FRAMINGHAM, Mass. ( TheStreet)-- Apple ( AAPL) iPhone apps will experience rapid growth in 2010, according to research firm IDC, with the number of applications tripling to reach 300,000. Apple unveiled the third version of its iPhone operating system during the summer and recently announced that more than two billion apps have been downloaded on the iconic phone. IDC, which released its 2010 tech predictions early Thursday, also expects the number of Google ( GOOG ) Android apps to surge by a factor of five or more. Whereas Apple's App Store has over 100,000 apps, Google's Android market lags way behind. The Androlib.com Web site, which tracks Android, says that Google offers about 20,000 apps in its online store. This figure is growing rapidly, with 3,544 new apps launched last month. Google is hell-bent on extending its reach beyond desktops into mobile devices, and users are expecting a deluge of apps on Android phones such as Motorola's ( MOT) Droid. A slew of companies, including Motorola, Verizon ( VZ), Sprint ( S), and Deutsche Telekom's ( DT) T-Mobile already offer phones powered by the Android operating system, and Google is working on its own phone. Boosted by smartphones, netbooks, and the forthcoming launch of Apple's mysterious Tablet computer, IDC estimates that more than one billion mobile devices will be accessing the Internet by the end of 2010, competing more and more with traditional PCs. With the economic crisis still visible in the rear-view mirror, IDC's research spells good news for the tech sector as a whole. The analyst firm predicts that worldwide IT spending will grow by 3.2% in 2010, returning the industry to 2008 levels of about $1.5 trillion.
"In last year's predictions, we talked about how a slow global economy would act like a pressure cooker on the IT market, speeding the development and adoption of new technologies and business models," said Frank Gens, IDC's chief analyst, in a statement. "What's different about 2010 is that the economic recovery will release some of the pressure on spending, enabling a number of transformational tipping points to be reached in a year of economic upswing." There have already been signs that IT spending is bouncing back, with some of tech's biggest names reaping the benefits. Tech bellwether IBM ( IBM ) recently posted strong third quarter results and rival Hewlett-Packard ( HPQ) has predicted a return to growth in 2010. Set against this backdrop, IDC expects that 2010 will be a big year for cloud computing, marked by the emergence of "enterprise-grade" cloud services. Cloud services, which typically offer compute power or data storage via the Internet, have been gaining momentum, with companies such as Amazon ( AMZN), Microsoft ( MSFT) and Verizon pushing the technology. Though in its infancy, cloud technology is expected to mature in 2010. IBM, for example, claims to be breaking new ground with the recent launch of its Smart Analytics Cloud, a set of technologies for firms that want to compile multiple sources of information within their organization. IDC predicts that a battle will unfold around cloud application platforms, which the analyst firm describes as "the most strategic real estate in the cloud for the next 20 years." There could also be opportunities for public clouds, exemplified by Amazon's S3 storage service, as well as private clouds where companies offer Web-based services within their own organization. Cloud appliances, hybrid cloud management tools and cloud APIs will all play a big role next year, according to the analyst firm.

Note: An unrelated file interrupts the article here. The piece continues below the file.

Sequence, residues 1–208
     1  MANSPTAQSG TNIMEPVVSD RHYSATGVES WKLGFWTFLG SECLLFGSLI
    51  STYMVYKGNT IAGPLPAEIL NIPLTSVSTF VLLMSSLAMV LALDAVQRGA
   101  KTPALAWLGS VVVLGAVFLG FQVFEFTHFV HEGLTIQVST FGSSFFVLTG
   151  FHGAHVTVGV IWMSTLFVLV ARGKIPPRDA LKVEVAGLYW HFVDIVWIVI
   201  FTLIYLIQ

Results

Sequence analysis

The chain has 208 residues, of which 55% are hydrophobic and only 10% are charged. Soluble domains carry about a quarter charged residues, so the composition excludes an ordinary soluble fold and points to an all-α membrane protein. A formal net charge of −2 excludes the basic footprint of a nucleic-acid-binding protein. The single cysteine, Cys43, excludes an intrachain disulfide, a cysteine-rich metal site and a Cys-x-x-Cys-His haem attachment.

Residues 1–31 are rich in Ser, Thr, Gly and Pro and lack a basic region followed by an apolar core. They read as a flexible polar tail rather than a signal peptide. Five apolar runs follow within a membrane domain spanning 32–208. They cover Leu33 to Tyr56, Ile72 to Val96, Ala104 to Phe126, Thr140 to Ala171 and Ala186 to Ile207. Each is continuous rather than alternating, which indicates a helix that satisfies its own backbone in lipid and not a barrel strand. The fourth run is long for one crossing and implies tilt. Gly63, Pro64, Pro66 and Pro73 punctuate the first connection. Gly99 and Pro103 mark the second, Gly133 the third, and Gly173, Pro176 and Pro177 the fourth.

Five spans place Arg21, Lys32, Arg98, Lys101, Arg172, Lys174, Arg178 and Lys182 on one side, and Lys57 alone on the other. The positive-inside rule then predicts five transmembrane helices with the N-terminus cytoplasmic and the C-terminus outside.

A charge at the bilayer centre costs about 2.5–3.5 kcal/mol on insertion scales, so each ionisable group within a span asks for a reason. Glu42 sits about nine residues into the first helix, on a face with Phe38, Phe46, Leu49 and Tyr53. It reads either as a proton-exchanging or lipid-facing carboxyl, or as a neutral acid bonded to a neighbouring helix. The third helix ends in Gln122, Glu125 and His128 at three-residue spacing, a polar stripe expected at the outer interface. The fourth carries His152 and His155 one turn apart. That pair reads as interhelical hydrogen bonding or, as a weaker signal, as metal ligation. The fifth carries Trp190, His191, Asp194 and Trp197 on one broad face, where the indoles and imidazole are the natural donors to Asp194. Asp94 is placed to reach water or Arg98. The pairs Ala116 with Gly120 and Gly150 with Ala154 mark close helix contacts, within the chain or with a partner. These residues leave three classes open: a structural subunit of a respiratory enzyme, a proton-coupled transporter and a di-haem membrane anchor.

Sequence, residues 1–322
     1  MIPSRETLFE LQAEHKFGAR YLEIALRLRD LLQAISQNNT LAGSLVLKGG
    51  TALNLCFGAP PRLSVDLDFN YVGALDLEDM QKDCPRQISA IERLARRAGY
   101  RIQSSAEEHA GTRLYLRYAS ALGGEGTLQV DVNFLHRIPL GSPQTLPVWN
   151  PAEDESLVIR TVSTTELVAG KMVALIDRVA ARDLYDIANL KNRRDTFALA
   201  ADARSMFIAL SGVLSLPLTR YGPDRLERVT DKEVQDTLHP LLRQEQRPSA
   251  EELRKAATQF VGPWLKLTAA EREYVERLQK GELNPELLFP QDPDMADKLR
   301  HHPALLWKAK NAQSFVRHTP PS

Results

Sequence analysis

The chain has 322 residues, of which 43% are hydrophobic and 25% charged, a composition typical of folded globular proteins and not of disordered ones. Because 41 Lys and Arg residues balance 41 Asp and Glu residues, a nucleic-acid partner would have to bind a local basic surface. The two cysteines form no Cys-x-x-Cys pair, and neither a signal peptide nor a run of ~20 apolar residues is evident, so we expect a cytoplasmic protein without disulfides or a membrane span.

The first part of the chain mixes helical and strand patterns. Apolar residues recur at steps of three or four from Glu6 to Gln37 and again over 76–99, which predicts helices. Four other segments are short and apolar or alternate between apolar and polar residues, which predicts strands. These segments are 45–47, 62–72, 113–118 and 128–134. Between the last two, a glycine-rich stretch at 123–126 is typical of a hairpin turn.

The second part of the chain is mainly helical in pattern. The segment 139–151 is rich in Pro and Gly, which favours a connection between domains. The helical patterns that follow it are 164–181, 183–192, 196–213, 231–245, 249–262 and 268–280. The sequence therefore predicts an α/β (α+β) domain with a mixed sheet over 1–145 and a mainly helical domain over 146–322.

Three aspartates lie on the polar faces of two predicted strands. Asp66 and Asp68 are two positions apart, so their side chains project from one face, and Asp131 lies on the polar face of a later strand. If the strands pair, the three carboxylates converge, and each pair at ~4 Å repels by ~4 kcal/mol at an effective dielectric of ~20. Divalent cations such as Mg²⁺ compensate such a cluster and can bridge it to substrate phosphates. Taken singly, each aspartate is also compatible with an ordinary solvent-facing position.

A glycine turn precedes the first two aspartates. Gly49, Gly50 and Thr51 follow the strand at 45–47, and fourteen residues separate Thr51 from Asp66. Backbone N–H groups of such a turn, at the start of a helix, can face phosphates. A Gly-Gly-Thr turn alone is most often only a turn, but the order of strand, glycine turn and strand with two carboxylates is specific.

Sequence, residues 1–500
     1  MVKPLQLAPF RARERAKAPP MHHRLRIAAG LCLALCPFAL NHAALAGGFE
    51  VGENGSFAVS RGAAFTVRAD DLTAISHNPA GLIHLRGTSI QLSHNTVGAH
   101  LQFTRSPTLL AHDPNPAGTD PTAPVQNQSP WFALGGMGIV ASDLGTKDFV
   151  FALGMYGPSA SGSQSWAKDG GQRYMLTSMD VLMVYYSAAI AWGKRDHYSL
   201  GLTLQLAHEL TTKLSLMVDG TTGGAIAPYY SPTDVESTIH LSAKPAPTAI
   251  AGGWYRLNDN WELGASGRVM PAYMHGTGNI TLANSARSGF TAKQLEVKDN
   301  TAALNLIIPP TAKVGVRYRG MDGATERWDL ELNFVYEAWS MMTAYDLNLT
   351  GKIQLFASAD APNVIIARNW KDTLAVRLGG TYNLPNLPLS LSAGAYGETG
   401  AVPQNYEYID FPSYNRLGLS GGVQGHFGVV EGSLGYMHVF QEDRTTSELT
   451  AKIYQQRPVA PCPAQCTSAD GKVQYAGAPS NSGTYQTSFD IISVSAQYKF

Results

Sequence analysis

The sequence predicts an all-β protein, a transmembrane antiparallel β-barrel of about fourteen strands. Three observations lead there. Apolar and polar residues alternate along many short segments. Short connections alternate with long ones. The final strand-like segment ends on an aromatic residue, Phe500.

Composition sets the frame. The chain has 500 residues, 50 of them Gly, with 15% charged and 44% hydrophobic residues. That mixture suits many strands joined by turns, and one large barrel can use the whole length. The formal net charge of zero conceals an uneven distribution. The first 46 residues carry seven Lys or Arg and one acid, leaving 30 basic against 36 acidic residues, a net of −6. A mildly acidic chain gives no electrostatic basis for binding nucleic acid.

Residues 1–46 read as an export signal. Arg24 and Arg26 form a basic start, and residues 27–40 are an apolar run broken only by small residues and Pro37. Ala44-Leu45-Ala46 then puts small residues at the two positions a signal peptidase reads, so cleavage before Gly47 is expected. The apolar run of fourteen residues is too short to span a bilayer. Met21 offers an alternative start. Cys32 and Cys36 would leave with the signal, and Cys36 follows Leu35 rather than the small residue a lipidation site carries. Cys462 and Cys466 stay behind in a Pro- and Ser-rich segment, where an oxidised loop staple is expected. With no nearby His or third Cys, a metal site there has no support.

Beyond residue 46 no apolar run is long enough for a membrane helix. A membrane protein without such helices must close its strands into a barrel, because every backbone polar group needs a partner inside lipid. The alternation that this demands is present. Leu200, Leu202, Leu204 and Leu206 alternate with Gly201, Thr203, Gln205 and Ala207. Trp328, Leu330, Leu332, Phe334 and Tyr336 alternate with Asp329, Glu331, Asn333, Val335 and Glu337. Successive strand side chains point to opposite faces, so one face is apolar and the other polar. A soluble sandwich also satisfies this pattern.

Other IDC predictions for 2010 include a new, "mashed-up" generation of business applications tied to social networks, green IT to reduce greenhouse gases and a busy year for tech acquisitions and partnerships. -- Reported by James Rogers in New York